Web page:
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Inflamm Bowel Dis. 2006 Oct;12(10):972-8.

Clinical guidelines for the medical management of left-sided ulcerative colitis and ulcerative proctitis: summary statement.

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1
Inflammatory Bowel Disease Center and Division of Gastroenterology, Hepatology and Nutrition, University of Pittsburgh School of Medicine, Pittsburgh, Pennsylvania 15213, USA. mdr7@pitt.edu

Abstract

There are few published guidelines for the treatment of inflammatory bowel disease. Physicians choose therapy based on evidence-based data, peer and expert opinion, and personal experience. This article provides treatment guidelines for the induction and maintenance of ulcerative proctitis and left-sided colitis and the management of disease refractory to 5-aminosalicylic acid (5-ASA) compounds and corticosteroids The guidelines are derived from evidence-based data and, when lacking, expert opinion or the authors' experience. The comprehensive review of the literature is presented in the accompanying article, "The Medical Management of Left-Sided Ulcerative Colitis and Ulcerative Proctitis: Critical Evaluation of Therapeutic Trials". Rectally administered 5-ASA and corticosteroid suppositories are effective treatment for most ulcerative proctitis patients. Corticosteroid and 5-ASA enemas, which reach the splenic flexure of the colon, are recommended for patients with left-sided ulcerative colitis. The combination of rectally administered 5-ASA enemas and oral 5-ASA agents may afford better treatment of left-sided colitis and possibly prevent proximal extension of disease. Patients refractory to 5-ASAs and corticosteroids may require an immunomodulator or biological response modifier therapy. Those who have ongoing signs and symptoms of ulcerative proctitis and left-sided ulcerative colitis despite maximal medical therapy require a proctocolectomy.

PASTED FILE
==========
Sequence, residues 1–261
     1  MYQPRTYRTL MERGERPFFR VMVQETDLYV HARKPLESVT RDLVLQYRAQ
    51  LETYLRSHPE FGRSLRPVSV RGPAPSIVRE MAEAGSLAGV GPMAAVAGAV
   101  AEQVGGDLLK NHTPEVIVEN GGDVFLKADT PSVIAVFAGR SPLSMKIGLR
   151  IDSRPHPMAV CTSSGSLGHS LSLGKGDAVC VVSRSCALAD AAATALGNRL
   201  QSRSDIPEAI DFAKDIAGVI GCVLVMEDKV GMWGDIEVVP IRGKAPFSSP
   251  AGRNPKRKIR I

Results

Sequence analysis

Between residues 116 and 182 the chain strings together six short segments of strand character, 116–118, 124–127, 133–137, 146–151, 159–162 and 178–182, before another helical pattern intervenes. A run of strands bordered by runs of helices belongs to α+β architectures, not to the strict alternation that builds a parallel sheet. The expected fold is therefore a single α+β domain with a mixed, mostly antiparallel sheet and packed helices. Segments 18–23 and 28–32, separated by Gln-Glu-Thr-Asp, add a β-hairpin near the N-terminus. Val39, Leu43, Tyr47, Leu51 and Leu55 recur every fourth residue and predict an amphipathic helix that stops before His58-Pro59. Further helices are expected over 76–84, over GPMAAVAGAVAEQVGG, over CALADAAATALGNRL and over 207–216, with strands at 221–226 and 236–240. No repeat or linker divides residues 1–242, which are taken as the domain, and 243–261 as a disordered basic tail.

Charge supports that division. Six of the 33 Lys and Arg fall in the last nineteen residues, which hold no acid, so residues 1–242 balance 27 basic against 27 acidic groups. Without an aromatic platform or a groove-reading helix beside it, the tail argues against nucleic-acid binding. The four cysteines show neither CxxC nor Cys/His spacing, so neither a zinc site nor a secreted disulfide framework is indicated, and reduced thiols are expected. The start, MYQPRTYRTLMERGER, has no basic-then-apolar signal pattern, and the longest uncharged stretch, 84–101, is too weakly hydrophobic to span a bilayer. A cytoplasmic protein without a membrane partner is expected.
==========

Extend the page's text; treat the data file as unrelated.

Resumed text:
[Indexed for MEDLINE]

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